Children at increased risk of harm online during global COVID-19 pandemic – UNICEF


Children at increased risk of harm online during global COVID-19 pandemic - UNICEF

Millions of children are at increased risk of harm as their lives move increasingly online during lockdown in the COVID-19 pandemic, UNICEF and partners said.

“The coronavirus pandemic has led to an unprecedented rise in screen time,” said Global Partnership to End Violence Executive Director Dr. Howard Taylor.

“School closures and strict containment measures mean more and more families are relying on technology and digital solutions to keep children learning, entertained and connected to the outside world, but not all children have the necessary knowledge, skills and resources to keep themselves safe online.”

More than 1.5 billion children and young people have been affected by school closures worldwide. Many of these students are now taking classes as well as socializing more online.

Spending more time on virtual platforms can leave children vulnerable to online sexual exploitation and grooming, as predators look to exploit the COVID-19 pandemic.

A lack of face-to-face contact with friends and partners may lead to heightened risk-taking such as sending sexualized images, while increased and unstructured time online may expose children to potentially harmful and violent content as well as greater risk of cyberbullying.

“Under the shadow of COVID-19, the lives of millions of children have temporarily shrunk to just their homes and their screens. We must help them navigate this new reality,” said UNICEF Executive Director Henrietta Fore.

“We call on governments and industry to join forces to keep children and young people safe online through enhanced safety features and new tools to help parents and educators teach their children how to use the internet safely.”

In South Africa, the current lockdown may put children’s privacy in danger as they spend more time online. They may be more likely to encounter online risks, including being exposed to child sexual abuse material, or child sexual abuse and exploitation. And while sharing images and stories of lockdown and its challenges through social media is a way to stay connected, children’s rights to privacy and protection should not be compromised.

“This lockdown is a time for parents to be proactive in speaking to their children about online safety, how to change settings to “private, friends or contacts only”, or prevent spam or unwanted sexual content,” said the Chief of Child Protection at UNICEF South Africa, Ms Mayke Huijbregts.

“By paying attention to the different things that children do online – increased communication, game-playing, learning – we are better placed to manage the time that children spend online. Promoting positive online and recreational use, and building children’s skills to stay safe online, will serve them well after the lockdown is lifted,” she said.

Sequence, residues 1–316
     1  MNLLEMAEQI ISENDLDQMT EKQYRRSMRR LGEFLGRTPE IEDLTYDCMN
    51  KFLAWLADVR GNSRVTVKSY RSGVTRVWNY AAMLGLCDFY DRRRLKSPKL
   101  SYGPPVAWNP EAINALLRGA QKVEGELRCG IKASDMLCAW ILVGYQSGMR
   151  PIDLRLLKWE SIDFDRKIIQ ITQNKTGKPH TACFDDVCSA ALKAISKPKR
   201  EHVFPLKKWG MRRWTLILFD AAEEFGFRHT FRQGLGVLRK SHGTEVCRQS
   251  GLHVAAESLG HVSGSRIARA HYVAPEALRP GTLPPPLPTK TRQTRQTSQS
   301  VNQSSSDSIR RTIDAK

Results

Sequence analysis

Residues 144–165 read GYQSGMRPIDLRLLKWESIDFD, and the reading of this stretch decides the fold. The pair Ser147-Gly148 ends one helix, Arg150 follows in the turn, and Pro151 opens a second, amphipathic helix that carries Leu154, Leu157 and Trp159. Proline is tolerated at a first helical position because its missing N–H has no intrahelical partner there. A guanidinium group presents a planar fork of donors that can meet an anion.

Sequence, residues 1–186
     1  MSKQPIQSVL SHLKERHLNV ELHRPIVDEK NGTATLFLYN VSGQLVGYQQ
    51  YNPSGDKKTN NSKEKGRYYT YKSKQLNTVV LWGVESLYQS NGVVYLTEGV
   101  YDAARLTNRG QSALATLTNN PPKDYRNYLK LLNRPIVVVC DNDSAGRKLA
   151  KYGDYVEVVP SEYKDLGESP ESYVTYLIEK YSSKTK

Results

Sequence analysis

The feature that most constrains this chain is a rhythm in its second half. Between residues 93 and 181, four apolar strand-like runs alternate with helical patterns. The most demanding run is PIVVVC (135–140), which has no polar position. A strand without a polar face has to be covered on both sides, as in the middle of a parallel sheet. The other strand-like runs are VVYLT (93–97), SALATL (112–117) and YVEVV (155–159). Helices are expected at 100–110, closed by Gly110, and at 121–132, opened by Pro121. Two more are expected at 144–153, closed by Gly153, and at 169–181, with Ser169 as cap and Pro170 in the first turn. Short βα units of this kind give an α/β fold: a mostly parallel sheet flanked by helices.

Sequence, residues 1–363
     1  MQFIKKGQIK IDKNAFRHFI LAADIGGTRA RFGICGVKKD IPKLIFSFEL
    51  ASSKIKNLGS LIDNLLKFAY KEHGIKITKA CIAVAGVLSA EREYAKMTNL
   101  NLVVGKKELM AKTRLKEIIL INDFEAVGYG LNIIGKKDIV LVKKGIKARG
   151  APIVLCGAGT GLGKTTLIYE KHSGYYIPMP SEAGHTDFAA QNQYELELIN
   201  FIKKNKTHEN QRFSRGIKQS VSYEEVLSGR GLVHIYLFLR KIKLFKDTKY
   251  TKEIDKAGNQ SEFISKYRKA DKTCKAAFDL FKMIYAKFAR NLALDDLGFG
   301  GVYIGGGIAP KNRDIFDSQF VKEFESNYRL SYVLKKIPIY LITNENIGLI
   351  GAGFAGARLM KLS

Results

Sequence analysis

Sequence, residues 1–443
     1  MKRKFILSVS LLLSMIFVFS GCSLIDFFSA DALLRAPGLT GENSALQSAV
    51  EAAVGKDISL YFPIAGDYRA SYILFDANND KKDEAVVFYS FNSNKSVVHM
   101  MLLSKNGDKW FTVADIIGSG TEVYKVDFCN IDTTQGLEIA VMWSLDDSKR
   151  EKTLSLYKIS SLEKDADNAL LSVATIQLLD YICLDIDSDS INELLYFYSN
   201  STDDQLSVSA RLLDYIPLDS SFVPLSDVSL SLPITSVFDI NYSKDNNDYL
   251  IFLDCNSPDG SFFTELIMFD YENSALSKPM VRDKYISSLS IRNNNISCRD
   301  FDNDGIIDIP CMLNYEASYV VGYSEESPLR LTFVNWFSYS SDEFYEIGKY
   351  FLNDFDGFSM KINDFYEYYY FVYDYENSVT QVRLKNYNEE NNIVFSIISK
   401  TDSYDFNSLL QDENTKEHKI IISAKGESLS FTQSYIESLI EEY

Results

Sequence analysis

South Africa has a hotline for reporting online child sexual abuse and at the Internet Watch Foundation. Childline South Africa also offers counselling and support to children who need to reach out on 08000 55 555.

UNICEF, together with its partners, the Global Partnership to End Violence Against Children, International Telecommunication Union (ITU), United Nations Educational, Scientific and Cultural Organization (UNESCO), UN Office on Drugs and Crime (UNODC), WePROTECT Global Alliance, World Health Organization (WHO), and World Childhood Foundation USA, is releasing a new technical note aimed at urging governments, ICT industries, educators and parents to be alert, take urgent measures to mitigate potential risks, and ensure children’s online experiences are safe and positive during COVID-19.

The preliminary recommended actions to mitigate online risks for children during COVID-19 include:

  • Governments: Bolster core child protection services to make sure they remain open and active throughout the pandemic; train health, education and social service workers on the impacts that COVID-19 may have on child well-being, including increased online risks; step up awareness raising and educational initiatives on child online safety, and make sure social service providers, schools, parents and children are aware of local reporting mechanisms and have support numbers of local helplines and hotlines.
  • Information technology industry including social networking platforms: Ensure online platforms have enhanced safety and safeguarding measures, especially virtual learning tools, and that they are clearly accessible to educators, parents and children; promote and facilitate child safety referral services and helplines; develop standard moderation policies that are aligned with children’s rights; employ built-in protection measures while innovating as appropriate, and provide internet connectivity to improve access for disadvantaged children in low-income households.
  • Schools: Update current safeguarding policies to reflect the new realities for children learning from home; promote and monitor good online behaviours and ensure that children have continued access to school-based counselling services.
  • Parents: Ensure children’s devices have the latest software updates and antivirus programs; have open dialogues with children on how and with whom they are communicating online; work with children to establish rules for how, when, and where the internet can be used; be alert to signs of distress in children that may emerge in connection with their online activity, and be familiar with school district policies and local reporting mechanisms and have access to numbers of support helplines and hotline handy.

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